And finally, as the newscasters used to say, there's this too. Oh, I can see Brexit is going to usher in a whole new era of deliciously bitter satire:

Friday, 7 September 2018

Critical IF cover design

Following on from the previous post, here are the cover briefs I sent to Jon Hodgson when Fabled Lands LLP decided to republish the Virtual Reality books overselves rather than partnering with Osprey to do them.

*  *  *

These are my initial ideas. I’m open to any suggestions or changes, as the briefs were originally prepared on the assumption I’d have to hand them off through a chain of editors and art directors at Osprey and would get no direct communication with the artist. Hence I’ve probably over-managed the details... however, here’s the cover Osprey intended for Down Among the Dead Men so you can see why I’m getting a tad control-freaky.

The top third of each cover will need to be for the author and title, and the logo extends about 2.5cm from the bottom. Maybe we should have the background and main foreground elements on separate layers, so that a hydra’s head or a sword could partially overlap the title lettering if necessary.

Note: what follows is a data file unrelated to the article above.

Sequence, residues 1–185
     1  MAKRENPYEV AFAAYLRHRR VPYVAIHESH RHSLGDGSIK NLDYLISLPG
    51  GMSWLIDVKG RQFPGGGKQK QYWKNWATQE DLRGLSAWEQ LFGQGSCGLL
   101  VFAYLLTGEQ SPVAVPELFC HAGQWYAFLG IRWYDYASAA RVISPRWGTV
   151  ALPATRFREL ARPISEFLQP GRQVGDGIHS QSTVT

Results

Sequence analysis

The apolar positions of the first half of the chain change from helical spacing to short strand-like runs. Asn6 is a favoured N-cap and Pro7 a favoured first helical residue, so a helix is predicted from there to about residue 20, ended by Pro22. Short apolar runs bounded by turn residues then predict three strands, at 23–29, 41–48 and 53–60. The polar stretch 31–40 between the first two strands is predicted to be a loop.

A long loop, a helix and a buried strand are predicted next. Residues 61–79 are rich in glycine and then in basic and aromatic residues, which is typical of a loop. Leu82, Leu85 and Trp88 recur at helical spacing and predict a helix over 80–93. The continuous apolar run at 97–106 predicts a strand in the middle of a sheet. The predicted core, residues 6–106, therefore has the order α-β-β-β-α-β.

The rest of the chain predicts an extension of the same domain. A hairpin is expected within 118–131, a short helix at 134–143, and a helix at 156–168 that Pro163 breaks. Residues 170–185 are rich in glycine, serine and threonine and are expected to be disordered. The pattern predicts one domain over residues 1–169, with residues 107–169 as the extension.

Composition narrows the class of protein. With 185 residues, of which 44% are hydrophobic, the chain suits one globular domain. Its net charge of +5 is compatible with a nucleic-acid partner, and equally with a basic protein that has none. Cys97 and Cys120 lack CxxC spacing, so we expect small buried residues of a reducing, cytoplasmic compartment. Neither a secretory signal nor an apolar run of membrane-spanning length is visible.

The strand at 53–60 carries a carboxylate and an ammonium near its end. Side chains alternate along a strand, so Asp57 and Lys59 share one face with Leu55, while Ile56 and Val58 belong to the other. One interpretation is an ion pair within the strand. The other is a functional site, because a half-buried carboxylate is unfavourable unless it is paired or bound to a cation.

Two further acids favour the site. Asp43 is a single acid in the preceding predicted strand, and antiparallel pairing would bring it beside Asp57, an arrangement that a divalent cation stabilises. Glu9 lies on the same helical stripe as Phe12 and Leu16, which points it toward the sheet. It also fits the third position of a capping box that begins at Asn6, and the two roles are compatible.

Ideally each book should each have a unique palette with one predominant colour to help it stand out.

Necklace of Skulls

I based the new design on the original Virtual Reality cover with these changes:
  • Removed the second (kneeling) figure. Now it's just the warrior.
  • The warrior is holding a flaming torch and a sword.
  • The view is straight-on from directly behind the warrior to make the threat of the hydra more dramatic.
  • I've put the warrior on a raised ledge of rock a few feet above the desert floor. This allows the hydra to be nearer to him and to appear to be rearing up out of a chasm.
But... it would be better not to be looking at the back of the hero’s neck. If (unlike in my sketch) one of the hydra heads were further forward, the hero could be partly turning to keep an eye on it, giving us the opportunity for a partial or full profile – just to create more engagement with him as a character:
Background and palette - as we’re looking up past the hero with a slightly low-angle shot, I think the background should be a midnight blue night sky dotted with stars. It reinforces the desert setting and astronomy is part of the mythological context of the adventure. The hydra dark-scaled. The torchlight picks out the blaze of colour (feathered head-dress, etc) in the warrior’s garb and his glistening skin, the yellow light picked up in the sand and rocks where he’s standing.